“The upcoming Union Budget for Financial year 2012-2013 has importance more than what is ordinarily attributed to this already very critical annual event. In the current context, the high borrowing cost in the economy has restricted private sector consumption and investments. Therefore, the main policy thrust of the budget must aim primarily at creating a positive investment climate by reducing capital and borrowing costs for productive sectors.
Recourse to Fiscal discipline by a two-tiered application of frugal expenditure and ingenious resource generation may be required. The government should lay down a path to move towards a fiscal deficit of under 3% of the GDP. In this context, there is a need to revisit the Reddy Committee report of 2004 on these borrowings.
The planned detangling of myriad of taxation laws and rules through GST and DTC too has been stalled. Policy movement on that front too is highly anticipated in the upcoming budget.
The Budget must particularly seek to emphasize investments in the infrastructure sector, which is in requirement of investments of US$ 1 trillion in the next 5 years. To address this (amongst many things), a comprehensive and strategic outlook on energy security may be needed.
From the capital markets point of view, there is a need for a consolidated trading platform for equity and debt asset classes; operating within a single (or a coordinated) regulatory framework. The availability of equity and debt assets through a single trading platform may lead to increased penetration and higher capital mobilization within the economy.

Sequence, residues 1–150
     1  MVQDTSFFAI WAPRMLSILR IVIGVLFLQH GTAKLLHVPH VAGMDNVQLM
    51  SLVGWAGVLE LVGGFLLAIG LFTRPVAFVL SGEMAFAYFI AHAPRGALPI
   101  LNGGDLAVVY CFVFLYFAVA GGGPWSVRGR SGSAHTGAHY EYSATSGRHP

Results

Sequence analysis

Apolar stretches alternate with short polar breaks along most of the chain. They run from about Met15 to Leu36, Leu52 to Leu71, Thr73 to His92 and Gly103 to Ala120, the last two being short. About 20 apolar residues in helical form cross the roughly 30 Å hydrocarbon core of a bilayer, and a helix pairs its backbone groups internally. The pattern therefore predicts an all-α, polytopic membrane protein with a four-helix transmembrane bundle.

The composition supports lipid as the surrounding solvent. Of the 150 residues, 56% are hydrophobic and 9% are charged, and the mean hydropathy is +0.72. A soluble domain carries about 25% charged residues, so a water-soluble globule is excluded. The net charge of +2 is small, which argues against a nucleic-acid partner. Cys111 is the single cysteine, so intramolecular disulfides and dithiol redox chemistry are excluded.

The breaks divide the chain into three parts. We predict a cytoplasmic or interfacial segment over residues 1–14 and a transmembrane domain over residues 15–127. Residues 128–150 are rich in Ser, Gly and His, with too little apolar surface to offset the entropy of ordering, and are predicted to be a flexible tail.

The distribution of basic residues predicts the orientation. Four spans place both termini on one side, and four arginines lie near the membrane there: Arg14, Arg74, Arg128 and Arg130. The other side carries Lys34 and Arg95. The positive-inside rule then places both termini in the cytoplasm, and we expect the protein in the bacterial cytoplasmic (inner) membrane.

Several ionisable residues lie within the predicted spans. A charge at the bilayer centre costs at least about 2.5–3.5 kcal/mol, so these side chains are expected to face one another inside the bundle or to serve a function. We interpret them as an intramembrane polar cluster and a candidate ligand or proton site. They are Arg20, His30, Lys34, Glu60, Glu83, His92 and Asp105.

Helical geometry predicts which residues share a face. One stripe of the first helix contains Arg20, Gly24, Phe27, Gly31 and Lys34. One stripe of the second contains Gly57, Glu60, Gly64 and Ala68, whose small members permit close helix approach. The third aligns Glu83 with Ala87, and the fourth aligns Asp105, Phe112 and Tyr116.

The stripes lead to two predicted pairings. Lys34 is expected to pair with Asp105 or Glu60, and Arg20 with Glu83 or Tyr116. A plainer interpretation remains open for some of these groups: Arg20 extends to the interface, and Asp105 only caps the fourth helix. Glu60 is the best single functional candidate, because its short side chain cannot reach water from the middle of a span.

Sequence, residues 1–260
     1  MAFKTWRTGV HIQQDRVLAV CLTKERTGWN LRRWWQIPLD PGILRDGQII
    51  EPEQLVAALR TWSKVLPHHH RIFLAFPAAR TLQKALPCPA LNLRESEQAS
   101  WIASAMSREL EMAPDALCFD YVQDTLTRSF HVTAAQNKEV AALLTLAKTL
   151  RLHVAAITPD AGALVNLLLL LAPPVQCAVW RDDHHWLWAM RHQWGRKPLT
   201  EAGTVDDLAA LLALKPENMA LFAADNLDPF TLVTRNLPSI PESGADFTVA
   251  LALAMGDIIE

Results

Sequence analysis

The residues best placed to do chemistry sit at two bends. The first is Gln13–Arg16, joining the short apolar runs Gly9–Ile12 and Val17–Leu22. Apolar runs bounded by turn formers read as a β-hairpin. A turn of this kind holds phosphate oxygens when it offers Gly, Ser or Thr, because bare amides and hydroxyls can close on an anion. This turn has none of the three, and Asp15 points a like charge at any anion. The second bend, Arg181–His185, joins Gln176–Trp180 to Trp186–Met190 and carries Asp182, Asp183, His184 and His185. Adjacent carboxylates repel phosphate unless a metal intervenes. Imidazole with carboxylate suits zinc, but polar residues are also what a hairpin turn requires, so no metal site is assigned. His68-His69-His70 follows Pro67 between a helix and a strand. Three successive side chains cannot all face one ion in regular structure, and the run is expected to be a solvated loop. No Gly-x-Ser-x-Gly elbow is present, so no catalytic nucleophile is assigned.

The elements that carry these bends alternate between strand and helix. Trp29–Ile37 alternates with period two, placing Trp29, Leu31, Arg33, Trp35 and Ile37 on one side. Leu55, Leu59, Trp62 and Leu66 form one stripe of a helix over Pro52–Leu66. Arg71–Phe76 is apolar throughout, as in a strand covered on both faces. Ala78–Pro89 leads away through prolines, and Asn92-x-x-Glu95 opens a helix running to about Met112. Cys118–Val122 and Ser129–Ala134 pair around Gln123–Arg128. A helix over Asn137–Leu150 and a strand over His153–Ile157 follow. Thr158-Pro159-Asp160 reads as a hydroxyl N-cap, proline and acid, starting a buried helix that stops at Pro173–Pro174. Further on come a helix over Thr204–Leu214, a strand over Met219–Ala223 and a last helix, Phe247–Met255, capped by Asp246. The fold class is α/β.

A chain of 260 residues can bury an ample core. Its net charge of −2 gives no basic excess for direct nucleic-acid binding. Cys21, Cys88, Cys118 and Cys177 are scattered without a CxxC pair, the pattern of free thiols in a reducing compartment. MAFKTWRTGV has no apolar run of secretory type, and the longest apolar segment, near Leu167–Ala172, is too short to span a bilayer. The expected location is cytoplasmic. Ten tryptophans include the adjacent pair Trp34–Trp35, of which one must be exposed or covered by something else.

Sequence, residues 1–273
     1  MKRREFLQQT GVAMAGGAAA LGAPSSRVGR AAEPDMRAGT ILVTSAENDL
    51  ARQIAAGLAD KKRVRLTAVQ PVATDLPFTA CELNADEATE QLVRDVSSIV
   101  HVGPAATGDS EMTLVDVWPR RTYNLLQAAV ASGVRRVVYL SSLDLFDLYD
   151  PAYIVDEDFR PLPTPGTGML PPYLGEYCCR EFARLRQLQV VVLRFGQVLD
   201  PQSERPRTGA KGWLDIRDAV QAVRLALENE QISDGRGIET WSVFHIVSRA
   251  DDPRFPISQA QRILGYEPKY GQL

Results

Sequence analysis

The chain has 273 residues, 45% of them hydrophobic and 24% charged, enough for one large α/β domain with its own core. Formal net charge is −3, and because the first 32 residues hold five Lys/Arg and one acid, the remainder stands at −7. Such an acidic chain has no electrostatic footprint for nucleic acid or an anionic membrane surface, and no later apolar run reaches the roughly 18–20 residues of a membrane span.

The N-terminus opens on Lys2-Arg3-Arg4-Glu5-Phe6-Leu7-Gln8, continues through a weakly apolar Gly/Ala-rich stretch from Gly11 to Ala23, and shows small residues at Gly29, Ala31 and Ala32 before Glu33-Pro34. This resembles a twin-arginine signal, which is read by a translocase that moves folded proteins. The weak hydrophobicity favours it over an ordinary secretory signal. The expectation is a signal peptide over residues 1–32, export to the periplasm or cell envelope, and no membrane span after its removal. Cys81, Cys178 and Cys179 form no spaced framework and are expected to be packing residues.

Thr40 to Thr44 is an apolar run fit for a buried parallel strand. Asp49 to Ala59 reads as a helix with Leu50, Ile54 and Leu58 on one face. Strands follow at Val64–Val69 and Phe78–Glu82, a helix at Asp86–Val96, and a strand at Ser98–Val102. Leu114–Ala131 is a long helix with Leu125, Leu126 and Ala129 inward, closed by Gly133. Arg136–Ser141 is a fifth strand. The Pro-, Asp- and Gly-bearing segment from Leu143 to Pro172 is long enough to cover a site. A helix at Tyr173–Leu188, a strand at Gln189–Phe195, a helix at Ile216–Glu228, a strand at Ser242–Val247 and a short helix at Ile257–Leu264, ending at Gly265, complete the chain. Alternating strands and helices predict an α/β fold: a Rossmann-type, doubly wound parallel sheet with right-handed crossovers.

ELSS has been a highly effective mechanism to popularize equities investment within the retail segment and also promote relatively long-term savings commitment from the investors. Therefore, the tax-savings status of ELSS must be continued under the new tax codes.
Moreover, the empowerment of the Mutual funds to provide a scheme that allows the investor an avenue to invest for retirement and annuity, is needed. This would also promote long-term savings behavior. Granting EET status to such a scheme may prove to be an effective feature, and may widen the market participation. The enactment of the PFRDA and a consequent thrust for bringing it within the EET status would drive long term investments.
Finally, it has been a long standing demand of the industry has been to align the taxation status of Fund of Fund’s (FoF) with the underlying scheme, rather than the current - ‘debt status’. An Equity FoF investor is essentially investing in equity schemes, and as such, should be able to avail the tax benefits which would otherwise accrue to him/her, had they invested directly into those schemes. The rectification of this imbalance would greatly improve the acceptance of the product segment, as also bring the FoF investors at par with regular investors. “
Mr. Sandesh Kirkire, CEO , Kotak Mutual Fund